2. Materials and Methods
The investigation of adsorption and thermal decomposition of peroxides was carried out in a styrene solution with an ampoule technique . The styrene was purified and fractionated in the argon atmosphere. The adsorbent was placed in the ampoule and the styrene solution and a certain amount of peroxide was added. The ampoules were rotated during the experiment. The rotor placed in the water thermostat continuously stirred the mixture reaction. The temperature was kept constant within ±0.05 K. At certain intervals, the ampoules were removed from the thermostat, cooled quickly and then the content of the undecomposed peroxide was analyzed with the iodometric method .
The adsorption experiments were carried out at the temperature of 303 K. No decomposition of the peroxides in styrene solutions or on the surface of the examined fillers was observed in the temperature range of 303–313 K. The thermal decomposition of peroxides was carried out in the temperature range of 338–363 K.
The disperse oxides Fe2O3; Cr2O3 and V2O5 (Sigma-Aldrich is now MERCK) were heated at 700 K in vacuum for 6 h to remove the absorbed moisture. The surface areas of investigated adsorbents Fe2O3, Cr2O3 and V2O5 were 75.0, 80.0 and 65.0 m2/g, respectively. The specific surface arrears of Fe2O3, Cr2O3 and V2O5 were determined using low-temperature adsorption of nitrogen (BET).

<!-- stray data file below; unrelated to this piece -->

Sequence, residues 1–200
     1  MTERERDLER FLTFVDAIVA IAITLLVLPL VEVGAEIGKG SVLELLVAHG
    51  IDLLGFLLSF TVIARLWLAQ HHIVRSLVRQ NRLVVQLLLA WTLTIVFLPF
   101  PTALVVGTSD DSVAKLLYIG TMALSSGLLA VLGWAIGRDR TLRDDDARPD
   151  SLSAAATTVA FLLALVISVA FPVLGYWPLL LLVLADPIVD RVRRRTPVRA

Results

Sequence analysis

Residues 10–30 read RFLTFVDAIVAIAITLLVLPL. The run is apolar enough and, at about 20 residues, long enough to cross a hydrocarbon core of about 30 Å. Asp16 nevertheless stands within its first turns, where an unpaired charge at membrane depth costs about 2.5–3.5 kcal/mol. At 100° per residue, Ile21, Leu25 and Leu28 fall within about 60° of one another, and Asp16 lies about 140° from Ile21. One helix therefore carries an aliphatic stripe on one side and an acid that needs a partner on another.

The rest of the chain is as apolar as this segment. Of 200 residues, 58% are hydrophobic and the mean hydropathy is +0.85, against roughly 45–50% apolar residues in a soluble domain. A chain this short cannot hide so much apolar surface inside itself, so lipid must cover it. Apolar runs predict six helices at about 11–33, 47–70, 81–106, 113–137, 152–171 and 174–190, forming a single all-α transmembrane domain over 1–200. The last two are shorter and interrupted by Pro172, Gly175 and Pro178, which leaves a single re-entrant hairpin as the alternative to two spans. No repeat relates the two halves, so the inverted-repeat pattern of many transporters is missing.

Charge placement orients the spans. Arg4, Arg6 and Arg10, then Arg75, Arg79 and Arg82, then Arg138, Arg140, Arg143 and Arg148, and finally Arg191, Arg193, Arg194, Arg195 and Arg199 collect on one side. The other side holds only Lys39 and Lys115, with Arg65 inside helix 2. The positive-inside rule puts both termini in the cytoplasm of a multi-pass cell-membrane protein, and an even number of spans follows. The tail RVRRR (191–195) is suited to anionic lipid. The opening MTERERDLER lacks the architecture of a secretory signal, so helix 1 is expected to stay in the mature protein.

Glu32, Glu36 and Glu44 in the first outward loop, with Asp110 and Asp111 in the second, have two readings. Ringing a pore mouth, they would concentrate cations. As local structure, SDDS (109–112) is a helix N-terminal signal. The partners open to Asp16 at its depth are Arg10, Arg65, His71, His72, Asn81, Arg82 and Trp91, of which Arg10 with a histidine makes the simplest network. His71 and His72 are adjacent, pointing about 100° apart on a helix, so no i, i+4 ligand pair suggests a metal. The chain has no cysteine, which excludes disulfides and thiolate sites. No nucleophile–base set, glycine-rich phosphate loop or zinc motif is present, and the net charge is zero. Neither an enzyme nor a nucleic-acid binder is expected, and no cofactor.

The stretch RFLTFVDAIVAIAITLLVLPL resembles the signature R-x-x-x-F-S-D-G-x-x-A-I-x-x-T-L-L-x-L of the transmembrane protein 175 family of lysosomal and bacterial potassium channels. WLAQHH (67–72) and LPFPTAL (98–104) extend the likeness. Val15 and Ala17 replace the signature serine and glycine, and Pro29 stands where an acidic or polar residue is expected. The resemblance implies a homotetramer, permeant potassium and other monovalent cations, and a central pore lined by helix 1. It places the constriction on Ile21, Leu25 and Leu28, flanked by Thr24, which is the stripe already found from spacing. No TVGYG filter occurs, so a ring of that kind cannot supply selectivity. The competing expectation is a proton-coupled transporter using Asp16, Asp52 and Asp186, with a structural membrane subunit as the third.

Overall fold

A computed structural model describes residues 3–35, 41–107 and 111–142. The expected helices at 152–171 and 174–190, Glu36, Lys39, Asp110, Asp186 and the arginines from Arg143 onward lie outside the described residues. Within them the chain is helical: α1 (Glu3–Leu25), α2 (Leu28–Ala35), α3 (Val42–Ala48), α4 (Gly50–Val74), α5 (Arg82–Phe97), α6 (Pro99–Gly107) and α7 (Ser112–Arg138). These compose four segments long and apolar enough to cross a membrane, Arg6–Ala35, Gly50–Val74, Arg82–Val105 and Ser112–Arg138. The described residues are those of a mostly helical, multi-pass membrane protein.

The purified benzoyl peroxide (BP) was used in the most experiments . The oligomeric peroxide of sebacic acid (ОPSA) and didecanoyl diperoxyadipinat (DP) were used in some experiments .
3. Results and Discussion
The adsorption of peroxides is well described by the Langmuir equation. The isotherms of the adsorption of BP on the investigated disperse minerals are shown in Figure 1. These dependences are linear in coordinates 1/A from 1/C, which allowed us to determine the maximum adsorption (A∞) and the adsorption-desorption equilibrium constant (K).
The adsorption-desorption equilibrium was established in 10–15 min. The parameters of the adsorption process are show in Table 1.